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Abstract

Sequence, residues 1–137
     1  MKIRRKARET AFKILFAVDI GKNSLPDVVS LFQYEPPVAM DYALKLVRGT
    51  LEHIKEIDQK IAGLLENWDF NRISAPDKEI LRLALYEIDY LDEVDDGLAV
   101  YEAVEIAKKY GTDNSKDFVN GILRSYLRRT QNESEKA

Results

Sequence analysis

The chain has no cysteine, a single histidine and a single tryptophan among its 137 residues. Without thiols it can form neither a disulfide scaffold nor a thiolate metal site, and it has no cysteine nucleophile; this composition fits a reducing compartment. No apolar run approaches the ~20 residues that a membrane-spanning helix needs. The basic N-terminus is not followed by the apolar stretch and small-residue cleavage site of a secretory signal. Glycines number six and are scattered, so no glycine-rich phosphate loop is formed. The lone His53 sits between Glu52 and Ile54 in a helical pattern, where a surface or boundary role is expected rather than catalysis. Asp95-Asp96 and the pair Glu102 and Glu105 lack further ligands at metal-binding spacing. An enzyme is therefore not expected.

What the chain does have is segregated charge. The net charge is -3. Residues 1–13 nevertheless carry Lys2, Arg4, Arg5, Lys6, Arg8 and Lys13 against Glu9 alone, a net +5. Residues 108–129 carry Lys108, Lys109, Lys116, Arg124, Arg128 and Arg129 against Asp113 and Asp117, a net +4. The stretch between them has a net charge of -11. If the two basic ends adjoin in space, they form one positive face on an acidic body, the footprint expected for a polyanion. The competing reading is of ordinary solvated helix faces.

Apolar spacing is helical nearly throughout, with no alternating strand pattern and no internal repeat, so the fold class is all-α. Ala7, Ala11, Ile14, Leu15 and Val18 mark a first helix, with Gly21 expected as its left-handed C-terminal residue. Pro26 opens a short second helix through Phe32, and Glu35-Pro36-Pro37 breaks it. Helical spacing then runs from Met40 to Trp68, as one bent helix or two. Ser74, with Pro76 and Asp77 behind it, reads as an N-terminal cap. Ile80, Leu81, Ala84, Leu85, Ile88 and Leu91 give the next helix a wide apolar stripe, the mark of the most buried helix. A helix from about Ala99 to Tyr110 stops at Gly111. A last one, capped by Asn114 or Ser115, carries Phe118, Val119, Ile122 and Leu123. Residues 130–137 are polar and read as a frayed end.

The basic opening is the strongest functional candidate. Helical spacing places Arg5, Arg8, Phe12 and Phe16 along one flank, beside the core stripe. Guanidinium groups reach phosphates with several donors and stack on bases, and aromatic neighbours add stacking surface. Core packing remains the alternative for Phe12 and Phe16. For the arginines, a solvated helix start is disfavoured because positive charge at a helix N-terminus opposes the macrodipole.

Children love to play. Why do they find such a frivolous activity so pleasurable and desirable? Perhaps it is not frivolous, but instead is an adaptation designed to guide proper cognitive development in human children. To understand why, I marshal evidence from different fields to build a case for play as a central behavioral mechanism of human brain and cognitive development. I start with a discussion of human evolution, focusing on the evolution of human physiology, tool-use, the human brain, and life-history strategy, and development, and how these are all connected as an adaptive suite. The anthropological and developmental evidence suggests the existence of an extended childhood adapted to establish the skills, knowledge, and understanding necessary to become a successful hunter-gatherer. I also compare human and chimpanzee brain development, and how brain-specific genes evolved uniquely in humans to foster human brain development. I conclude with the evidence from developmental psychology that even contemporary, first-world children are born with the drive to learn and develop intellectually through play. In this framework, human play can be viewed as an adaptation that guides human brain development to produce curious, intelligent and well-adjusted adults. I close by speculating on the possibility that barriers to or constraints on play may hamper intellectual and cognitive development. I focus on the important concept of developmental decanlization as a mechanism of evolutionary mismatch. I argue that more empirical study is needed to better understand the importance of play compared to other forms of education for optimal intellectual and cognitive development.